You're Not a Doctor

A few years ago, I was working with a company, and it seemed like everyone contracted the flu! So a new sick policy was introduced to try and stop the spread. One of the measures that was implemented was a back to work assessment after you had been ill. The HR manager would assess you on your first day back to see if you were well enough to return. I clearly remember when HR announced this to the company, and someone shouted out, "Your Not a Doctor…… why should you determine if I am well enough to return to work."

He was right. Our HR manager was not a doctor, nor did he have the expertise to determine how infectious someone was – the HR manager was just trying to manage a flu that had affected everyone in our office.

Dealing with employees returning safely to the office can be a steep path to navigate, especially when you have employees in different jurisdictions and during a pandemic. Many offices are looking at taking employees' temperatures. Our US team put together the most frequent Q&A's that we have been receiving:

When can an employer take an employees' temperature?

EEOC guidance permits employers to subject employees to temperature checks before arriving at work, but only where all employees are tested, and only as long as COVID-19 remains widespread in the community, as assessed by the U.S. Centers for Disease Control and Prevention (CDC) or state or local health authorities.

Should employers keep records of employee temperatures, and if so, how should they maintain them?

Records related to employees' temperatures can be kept, but they must be treated as a confidential medical record and therefore kept separate from an employee's personnel file. It often is unnecessary to retain information on employees who "passed" the temperature check, but if the employer does keep records, they must comply with all ADA regulations.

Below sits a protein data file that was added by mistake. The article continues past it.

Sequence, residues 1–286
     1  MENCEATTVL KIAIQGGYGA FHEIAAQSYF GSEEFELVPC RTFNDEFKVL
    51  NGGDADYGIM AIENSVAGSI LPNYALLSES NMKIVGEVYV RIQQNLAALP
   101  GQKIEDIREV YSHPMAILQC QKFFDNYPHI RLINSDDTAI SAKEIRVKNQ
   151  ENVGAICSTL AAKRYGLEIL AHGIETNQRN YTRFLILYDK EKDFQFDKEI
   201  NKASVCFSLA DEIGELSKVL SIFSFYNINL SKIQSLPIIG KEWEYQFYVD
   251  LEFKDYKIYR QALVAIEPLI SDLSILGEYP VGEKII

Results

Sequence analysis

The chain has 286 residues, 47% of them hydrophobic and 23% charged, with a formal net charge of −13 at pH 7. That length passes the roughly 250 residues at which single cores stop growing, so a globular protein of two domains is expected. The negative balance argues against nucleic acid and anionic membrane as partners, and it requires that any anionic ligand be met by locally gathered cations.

Who should administer employee temperature checks?

It's best to either retain a medical professional to administer the temperature checks or select an employee who has been trained on ADA requirements and employee privacy. The employer should also ensure the employee checking temperatures are wearing personal protective equipment (PPE) and following all protection measures applicable to individuals at very high risk.

Can taking an employee's temperature be a "next-step measure" of symptoms monitoring?

EEOC guidance permits an employer to send an employee home if the employee displays any symptom associated with COVID-19, including a cough, sore throat, or chills. In this instance, it's better to err on the side of caution and not bother taking the employee's temperature, but rather send them home instead.

What are the liability risks to employers when taking employees' temperatures?

Depending on the type of test, there are typically data privacy concerns. Where employers maintain records of temperatures can also prove to be a liability under state or local biometric laws. Additionally, employers in certain jurisdictions may be required to compensate nonexempt employees for the time they are waiting to be screened.